zinc acetate


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zinc

 [zingk]
a chemical element, atomic number 30, atomic weight 65.37, symbol Zn. (See Appendix 6.) It is a trace element in the diet, a component of several enzymes, including DNA and RNA polymerases and carbonic anhydrase. It is abundant in red meat, shellfish, liver, peas, lentils, beans, and rice. A well-balanced diet assures adequate intake of zinc. Those who may suffer from zinc deficiency include persons on a strictly vegetarian diet and those who are on a high-fiber diet. In the latter case, the zinc is bound to the fiber and is eliminated in the feces without having been absorbed through the intestinal wall. Poor absorption of zinc also can occur in persons with chronic and severe bowel disease. The recommended daily intake is 12–15 mg for an adult. A severe deficiency of zinc can retard growth in children, cause a low sperm count in adult males, and retard wound healing. Signs of a deficiency include anorexia and a diminished sense of taste. An excessive intake of zinc (usually in those who work with the metal or breathe its fumes) can either cause pneumoconiosis or interfere with the body's use of copper and other trace elements, producing diarrhea, nausea, vomiting, and other signs of intestinal irritation.
zinc acetate a salt used as an astringent and styptic.
zinc chloride a salt used as a nutritional supplement in total parenteral nutrition and applied topically as an astringent and a desensitizer for dentin.
zinc oxide a topical astringent and skin protectant; also a sunscreen.
zinc stearate a powder of zinc in a compound with stearic and palmitic acids; used as a water-repellent skin protectant in dermatoses.
zinc sulfate a topical astringent for mucous membranes, especially those of the eye.
zinc undecylenate the zinc salt of undecylenic acid; it is a topical antifungal.
Miller-Keane Encyclopedia and Dictionary of Medicine, Nursing, and Allied Health, Seventh Edition. © 2003 by Saunders, an imprint of Elsevier, Inc. All rights reserved.

zinc ac·e·tate

an emetic, styptic, and astringent.
Farlex Partner Medical Dictionary © Farlex 2012

zinc ac·e·tate

(zingk asĕ-tāt)
An emetic, styptic, and astringent.
Medical Dictionary for the Health Professions and Nursing © Farlex 2012
References in periodicals archive ?
Caption: Figure 8: The proposed schematic representation for the formation of ZnO-nt/PDMS-coated superhydrophobic film: (a) referring to the molecular structure of the solvated zinc acetate after the hydrothermal process which contains -H and -O groups; (b) reaction between solvated zinc acetate and PDMS which resulted in the formation of hydrogen bond with the glass surface (marked as A) and PDMS (marked as B) and the formation of hydrogen bond between the -O group from tetrahedral ZnO with the -H group of PDMS (marked as C); and (c) after spray-coating and heat treatment, Si-O-Zn linkage (marked as D) is formed on the glass surface.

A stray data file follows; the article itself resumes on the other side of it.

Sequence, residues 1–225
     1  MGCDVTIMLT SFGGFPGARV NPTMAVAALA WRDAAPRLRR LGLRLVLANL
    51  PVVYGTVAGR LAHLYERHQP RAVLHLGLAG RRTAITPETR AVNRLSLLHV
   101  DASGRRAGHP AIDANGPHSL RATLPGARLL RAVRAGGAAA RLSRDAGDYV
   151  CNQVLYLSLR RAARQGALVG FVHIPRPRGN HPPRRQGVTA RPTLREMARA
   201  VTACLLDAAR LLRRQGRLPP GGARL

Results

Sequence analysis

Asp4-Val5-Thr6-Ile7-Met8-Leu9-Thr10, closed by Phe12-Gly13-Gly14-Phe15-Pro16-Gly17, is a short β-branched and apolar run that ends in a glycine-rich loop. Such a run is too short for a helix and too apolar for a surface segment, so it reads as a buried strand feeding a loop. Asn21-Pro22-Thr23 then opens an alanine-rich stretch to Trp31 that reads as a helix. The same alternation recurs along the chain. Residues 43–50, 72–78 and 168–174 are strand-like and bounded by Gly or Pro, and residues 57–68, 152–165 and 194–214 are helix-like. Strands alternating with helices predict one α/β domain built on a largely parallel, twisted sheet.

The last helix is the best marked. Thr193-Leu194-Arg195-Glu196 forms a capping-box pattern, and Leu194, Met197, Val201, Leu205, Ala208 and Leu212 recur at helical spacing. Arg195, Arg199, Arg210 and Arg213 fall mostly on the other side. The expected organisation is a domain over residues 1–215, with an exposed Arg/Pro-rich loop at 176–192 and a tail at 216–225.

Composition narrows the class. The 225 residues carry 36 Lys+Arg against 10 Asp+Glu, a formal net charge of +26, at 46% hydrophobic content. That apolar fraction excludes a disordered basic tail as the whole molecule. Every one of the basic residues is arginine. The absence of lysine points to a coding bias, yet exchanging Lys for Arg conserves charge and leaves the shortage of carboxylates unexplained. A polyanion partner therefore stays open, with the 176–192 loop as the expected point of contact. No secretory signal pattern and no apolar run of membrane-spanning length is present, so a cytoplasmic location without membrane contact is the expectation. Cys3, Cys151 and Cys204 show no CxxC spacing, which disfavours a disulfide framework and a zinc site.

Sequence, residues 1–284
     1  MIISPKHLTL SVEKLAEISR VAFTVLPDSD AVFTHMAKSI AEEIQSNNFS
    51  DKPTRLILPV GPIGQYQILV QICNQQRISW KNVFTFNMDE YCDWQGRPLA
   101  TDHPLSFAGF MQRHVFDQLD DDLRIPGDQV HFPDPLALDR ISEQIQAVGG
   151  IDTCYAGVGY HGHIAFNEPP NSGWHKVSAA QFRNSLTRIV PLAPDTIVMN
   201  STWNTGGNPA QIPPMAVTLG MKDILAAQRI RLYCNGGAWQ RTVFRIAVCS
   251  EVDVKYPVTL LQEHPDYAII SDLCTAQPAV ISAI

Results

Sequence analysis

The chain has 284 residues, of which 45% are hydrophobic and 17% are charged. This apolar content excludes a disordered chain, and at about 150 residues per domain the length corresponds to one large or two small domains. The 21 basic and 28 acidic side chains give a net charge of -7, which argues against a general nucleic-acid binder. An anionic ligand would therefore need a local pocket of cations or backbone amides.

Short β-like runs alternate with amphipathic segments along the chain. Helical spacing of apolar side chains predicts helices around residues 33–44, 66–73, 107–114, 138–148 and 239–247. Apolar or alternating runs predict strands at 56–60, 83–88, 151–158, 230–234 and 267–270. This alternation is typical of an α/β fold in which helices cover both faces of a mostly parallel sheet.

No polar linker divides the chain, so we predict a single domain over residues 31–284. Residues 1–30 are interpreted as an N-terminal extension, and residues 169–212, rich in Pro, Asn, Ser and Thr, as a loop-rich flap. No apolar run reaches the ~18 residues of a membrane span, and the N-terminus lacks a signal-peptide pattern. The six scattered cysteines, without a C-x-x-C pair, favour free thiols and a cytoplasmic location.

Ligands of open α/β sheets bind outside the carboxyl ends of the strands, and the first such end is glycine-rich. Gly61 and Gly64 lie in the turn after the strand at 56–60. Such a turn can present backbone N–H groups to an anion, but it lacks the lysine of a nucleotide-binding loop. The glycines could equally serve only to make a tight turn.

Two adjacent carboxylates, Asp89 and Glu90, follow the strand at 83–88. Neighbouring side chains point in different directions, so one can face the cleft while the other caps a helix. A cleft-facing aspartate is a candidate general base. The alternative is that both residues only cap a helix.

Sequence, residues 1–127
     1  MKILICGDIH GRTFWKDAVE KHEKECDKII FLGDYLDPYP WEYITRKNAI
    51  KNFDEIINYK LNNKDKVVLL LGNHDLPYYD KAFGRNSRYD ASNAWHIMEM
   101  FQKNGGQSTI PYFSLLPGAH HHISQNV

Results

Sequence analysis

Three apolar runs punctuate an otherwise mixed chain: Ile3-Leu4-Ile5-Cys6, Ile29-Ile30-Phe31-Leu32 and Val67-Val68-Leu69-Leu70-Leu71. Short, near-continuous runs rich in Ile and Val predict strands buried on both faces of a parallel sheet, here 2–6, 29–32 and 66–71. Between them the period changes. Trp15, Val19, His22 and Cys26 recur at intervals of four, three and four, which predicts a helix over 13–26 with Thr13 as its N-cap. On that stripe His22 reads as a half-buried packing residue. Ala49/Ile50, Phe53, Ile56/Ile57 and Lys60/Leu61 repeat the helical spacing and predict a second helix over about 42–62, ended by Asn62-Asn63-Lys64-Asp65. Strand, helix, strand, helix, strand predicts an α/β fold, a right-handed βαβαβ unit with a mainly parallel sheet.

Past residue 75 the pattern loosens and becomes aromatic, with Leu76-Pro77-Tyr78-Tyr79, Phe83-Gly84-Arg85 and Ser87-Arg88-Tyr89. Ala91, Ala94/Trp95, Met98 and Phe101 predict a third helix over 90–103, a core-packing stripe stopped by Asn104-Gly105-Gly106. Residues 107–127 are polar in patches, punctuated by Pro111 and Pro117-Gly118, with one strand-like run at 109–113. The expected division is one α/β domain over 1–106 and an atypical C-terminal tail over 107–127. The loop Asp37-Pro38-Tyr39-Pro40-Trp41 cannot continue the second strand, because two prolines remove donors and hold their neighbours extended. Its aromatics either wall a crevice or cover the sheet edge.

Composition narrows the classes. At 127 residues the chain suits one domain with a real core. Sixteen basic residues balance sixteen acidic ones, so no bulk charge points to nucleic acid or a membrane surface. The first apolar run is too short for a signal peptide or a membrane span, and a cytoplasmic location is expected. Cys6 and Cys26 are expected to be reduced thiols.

Since the effects of zinc acetate lozenges were consistent between the compared subgroups, the overall estimates for effect seem applicable over a wide range of common cold patients, according to researchers.
(2mmol, 0.396g) of 2,4-dinitrophenylhydrazine and (lmmol, 0.220g) of Zinc acetate were weighed carefully into a mortar.
Pooling the three high dose (>75 mg/day) zinc acetate trials gives a mean effect of 42% reduction in the duration of colds.
According to the company, Diphenhydramine hydrochloride is a topical analgesic and zinc acetate is a skin protectorant, both of which are in the OTC monograph and can be sold as creams in a combination.
Furthermore, in the most recent trial on zinc acetate lozenges, there were no significant differences between the zinc and placebo groups in the occurrence of adverse effects although the daily dose of zinc was 92 mg.
Three studies showed that daily doses of zinc acetate higher than 75 mg shortened colds by an average 42%.
The consensus for stopping the common cold in its tracks - for adults - seems to suggest an upper limit of a cold remedy that provides in the realm of 40 mg of zinc acetate per day, for a maximum of five days.
Analytical grade chemicals such as zinc acetate ([C.sub.4][H.sub.6][O.sub.4]Zn.
But Zicam Cold Remedy products, which use propriety formulations of zinc gluconate and zinc acetate as active ingredients, reduce the duration and severity of symptoms when taken within 24 to 48 hours of the first sign of a cold.
ABSTRACT : Two inorganic (zinc sulfate and zinc oxide) and three organic (zinc acetate, zinc-methionine, and zinc-lysine) zinc sources were evaluated for their effects on the performance and carcass characteristics of broiler chicks.
Duration and severity of symptoms and levels of plasma interleukin-1 receptor antagonist, soluble tumor necrosis factor receptor, and adhesion molecules in patients with common cold treated with zinc acetate. Journal of Infectious Diseases, 2008; 197(6): 795-802.